In November of 1965, about nine months after the death of Stan Laurel, the CBS-TV network broadcast a one-hour special hosted by Dick Van Dyke which was intended as a tribute to the late comedian. I say "intended" because the result was almost universally panned as inept, unfunny and unworthy of its subject by critics of the day, while authors of the various books on Laurel & Hardy published since '65 have all derided the special as a tacky promo for the network's then-current stars at the expense of its ostensible honoree.
I just saw the 'Salute' again for the first time in over forty years, and would have to agree with most of the criticism. Still, the show does offer some points of interest. Dick Van Dyke was an ideal choice to host: he knew and admired Stan Laurel and did a terrific impression of him; although, oddly, he doesn't do it here. Laurel admired Van Dyke's work too, and felt that he was one of the few TV comics who kept the tradition of physical comedy alive. Here Van Dyke speaks of Stan with real warmth, and introduces a number of clips from Laurel & Hardy's silent work -- no talkies, however. Unfortunately, the excerpts are all too brief, and none are identified or given any context. For instance, a clip from Wrong Again is used without any explanation as to WHY Stan and Ollie are trying to put a horse on a piano; I guess you just had to be there. Most of the other bits are from The Finishing Touch, an early short in which the boys ineptly attempt to fix up a house, and although the clips are enjoyable they suggest that Laurel & Hardy were rather limited in range.
It would appear that this show's producers couldn't find time for more excerpts, but they did have time for some cheesy musical numbers about Old Time Movies that will make today's viewers wince. They also found time for several weak comedy sketches. Phil Silvers, of all people, appears in one that is both unfunny and irrelevant. Audrey Meadows appears as Pearl White in a tribute to silent serials that is about as edifying as it sounds. Still another sketch takes place on the set of a silent movie -- weren't they aware that Laurel & Hardy made dozens of talkies? -- and features Cesar Romero, Louis Nye, and Tina Louise, i.e. Ginger of "Gilligan's Island." This bit concludes with a black-out gag involving Fred Gwynne in his Herman Munster outfit. It's said that in his later years Stan enjoyed a number of TV comedy shows, but something tells me he wasn't an avid fan of Gilligan or The Munsters.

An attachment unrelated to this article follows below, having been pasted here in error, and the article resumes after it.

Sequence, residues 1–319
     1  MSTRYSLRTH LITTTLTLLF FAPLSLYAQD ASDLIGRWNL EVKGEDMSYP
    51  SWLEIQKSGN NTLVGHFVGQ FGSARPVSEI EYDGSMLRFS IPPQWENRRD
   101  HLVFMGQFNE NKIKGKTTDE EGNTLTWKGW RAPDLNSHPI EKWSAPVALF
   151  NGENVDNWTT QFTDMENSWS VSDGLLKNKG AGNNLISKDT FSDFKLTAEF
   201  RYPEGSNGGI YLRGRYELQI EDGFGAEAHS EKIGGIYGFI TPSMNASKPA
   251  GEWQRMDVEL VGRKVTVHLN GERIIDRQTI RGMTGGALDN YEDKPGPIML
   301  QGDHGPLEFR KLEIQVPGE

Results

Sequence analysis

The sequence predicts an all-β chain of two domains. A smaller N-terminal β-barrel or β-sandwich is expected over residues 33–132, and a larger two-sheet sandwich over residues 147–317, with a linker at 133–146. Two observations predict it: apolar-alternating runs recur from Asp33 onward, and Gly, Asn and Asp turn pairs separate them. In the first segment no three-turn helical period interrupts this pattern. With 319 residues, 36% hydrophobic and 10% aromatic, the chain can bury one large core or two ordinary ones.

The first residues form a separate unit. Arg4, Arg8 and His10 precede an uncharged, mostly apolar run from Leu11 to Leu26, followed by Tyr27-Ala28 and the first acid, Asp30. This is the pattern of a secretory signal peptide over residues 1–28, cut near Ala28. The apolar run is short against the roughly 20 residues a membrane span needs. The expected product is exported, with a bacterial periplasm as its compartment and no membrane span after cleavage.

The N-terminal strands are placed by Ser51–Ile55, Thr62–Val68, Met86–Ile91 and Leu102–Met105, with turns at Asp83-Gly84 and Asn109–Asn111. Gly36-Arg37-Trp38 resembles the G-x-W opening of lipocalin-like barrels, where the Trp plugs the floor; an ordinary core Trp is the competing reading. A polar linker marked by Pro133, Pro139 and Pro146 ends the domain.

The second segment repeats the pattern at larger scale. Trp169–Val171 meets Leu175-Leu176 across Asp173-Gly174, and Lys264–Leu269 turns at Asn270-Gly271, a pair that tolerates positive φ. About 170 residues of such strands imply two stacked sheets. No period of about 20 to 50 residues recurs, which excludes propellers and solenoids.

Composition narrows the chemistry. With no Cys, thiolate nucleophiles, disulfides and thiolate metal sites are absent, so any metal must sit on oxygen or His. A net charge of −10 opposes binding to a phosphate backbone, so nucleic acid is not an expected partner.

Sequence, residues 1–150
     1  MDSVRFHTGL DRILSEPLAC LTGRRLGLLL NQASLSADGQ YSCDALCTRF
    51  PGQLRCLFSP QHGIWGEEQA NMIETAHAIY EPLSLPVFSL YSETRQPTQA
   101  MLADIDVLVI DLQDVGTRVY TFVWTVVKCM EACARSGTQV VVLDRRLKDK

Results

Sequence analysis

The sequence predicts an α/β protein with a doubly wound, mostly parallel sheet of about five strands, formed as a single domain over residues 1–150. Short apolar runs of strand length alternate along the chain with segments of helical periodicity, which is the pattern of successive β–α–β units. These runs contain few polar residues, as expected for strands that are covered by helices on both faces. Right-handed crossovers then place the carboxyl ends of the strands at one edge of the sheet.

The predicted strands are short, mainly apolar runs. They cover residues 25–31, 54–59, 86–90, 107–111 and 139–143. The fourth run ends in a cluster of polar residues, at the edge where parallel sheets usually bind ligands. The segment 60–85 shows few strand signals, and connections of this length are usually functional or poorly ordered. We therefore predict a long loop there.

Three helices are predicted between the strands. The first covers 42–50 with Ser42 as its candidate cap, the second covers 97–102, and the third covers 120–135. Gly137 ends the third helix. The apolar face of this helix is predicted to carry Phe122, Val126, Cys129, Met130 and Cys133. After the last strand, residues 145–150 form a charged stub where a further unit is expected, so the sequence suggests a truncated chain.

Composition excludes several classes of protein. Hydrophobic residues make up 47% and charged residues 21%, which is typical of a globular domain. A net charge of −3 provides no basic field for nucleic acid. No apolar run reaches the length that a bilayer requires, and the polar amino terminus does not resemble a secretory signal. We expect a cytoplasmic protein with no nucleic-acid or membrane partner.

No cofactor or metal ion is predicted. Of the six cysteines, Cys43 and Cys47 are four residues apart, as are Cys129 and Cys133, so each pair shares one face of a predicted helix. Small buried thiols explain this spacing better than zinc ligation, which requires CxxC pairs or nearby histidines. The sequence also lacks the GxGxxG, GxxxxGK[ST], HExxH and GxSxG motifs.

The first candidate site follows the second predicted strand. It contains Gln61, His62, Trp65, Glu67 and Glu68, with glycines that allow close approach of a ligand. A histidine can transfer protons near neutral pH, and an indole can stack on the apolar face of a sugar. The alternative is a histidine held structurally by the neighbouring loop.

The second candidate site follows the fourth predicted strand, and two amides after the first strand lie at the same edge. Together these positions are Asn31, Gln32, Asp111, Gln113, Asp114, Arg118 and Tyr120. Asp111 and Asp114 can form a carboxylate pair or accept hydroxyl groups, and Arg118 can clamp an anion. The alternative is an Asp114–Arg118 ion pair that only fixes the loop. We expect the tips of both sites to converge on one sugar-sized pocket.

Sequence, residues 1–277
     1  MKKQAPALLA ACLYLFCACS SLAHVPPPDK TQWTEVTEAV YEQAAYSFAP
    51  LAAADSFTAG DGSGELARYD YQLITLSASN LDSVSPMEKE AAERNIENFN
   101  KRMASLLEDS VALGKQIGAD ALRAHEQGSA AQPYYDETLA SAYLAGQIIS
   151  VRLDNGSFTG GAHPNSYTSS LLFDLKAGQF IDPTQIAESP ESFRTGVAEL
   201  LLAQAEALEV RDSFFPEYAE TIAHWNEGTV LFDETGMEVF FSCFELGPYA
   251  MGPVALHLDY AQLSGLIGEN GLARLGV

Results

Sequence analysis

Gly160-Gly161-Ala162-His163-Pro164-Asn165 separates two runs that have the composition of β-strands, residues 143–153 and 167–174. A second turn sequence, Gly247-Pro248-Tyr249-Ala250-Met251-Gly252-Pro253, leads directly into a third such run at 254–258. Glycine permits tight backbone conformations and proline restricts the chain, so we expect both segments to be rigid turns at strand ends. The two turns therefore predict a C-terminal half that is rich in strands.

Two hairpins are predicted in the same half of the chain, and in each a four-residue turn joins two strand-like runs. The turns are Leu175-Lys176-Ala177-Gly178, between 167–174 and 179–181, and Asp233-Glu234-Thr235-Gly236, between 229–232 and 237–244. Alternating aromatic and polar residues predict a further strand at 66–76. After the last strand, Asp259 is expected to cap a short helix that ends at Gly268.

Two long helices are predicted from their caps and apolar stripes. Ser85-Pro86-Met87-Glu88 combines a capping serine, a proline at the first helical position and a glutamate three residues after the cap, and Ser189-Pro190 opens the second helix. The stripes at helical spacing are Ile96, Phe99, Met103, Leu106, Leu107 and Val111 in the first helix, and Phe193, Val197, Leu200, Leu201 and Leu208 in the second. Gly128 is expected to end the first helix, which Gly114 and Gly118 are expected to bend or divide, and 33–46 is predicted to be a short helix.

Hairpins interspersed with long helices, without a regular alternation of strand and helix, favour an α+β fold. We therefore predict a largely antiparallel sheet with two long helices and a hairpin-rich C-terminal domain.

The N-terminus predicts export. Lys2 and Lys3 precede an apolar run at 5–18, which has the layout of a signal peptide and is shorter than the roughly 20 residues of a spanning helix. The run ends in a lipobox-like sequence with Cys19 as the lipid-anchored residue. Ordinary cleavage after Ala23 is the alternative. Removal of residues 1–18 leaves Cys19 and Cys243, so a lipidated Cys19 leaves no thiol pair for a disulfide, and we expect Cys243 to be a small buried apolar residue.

On the plus side, Bob Newhart offers a monologue that, while irrelevant to the matter at hand, is at least amusing, and our host performs a routine Stan might well have appreciated. Van Dyke delivers a mock-serious speech declaring that slapstick isn't funny anymore, since audiences today are too sophisticated for that sort of thing. Needless to say, he manages to injure himself repeatedly before he's finished, earning some of the show's biggest laughs. But the best reason to watch is the opening sketch, which features Lucille Ball and, in one of his final appearances, 70 year-old Buster Keaton. Lucy and Buster were friends dating back to his days of "internal exile" on the MGM lot, and she often credited him with teaching her a great deal about comedy. The sketch takes place in a park, and although the gags will be familiar to Keaton fans (e.g. Buster bumps into Lucy, steals a kiss, then pretends to be a blind man; Buster unfolds a newspaper which turns out to be gigantic, etc.) it's nice to see these two greats working together. It's too bad the rest of the program didn't rise to this level.
I don't doubt that the original impulse behind this 'Salute' was sincere and well-intentioned, but along the way somehow the program did indeed turn into a 60-minute commercial for the CBS television line-up of 1965-66. Grown-up baby boom kids who are more familiar with Herman Munster than Laurel & Hardy may appreciate this special as an exercise in 'Sixties nostalgia, but viewers genuinely interested in saluting Stan Laurel will do a better job of it by watching the man's own work.
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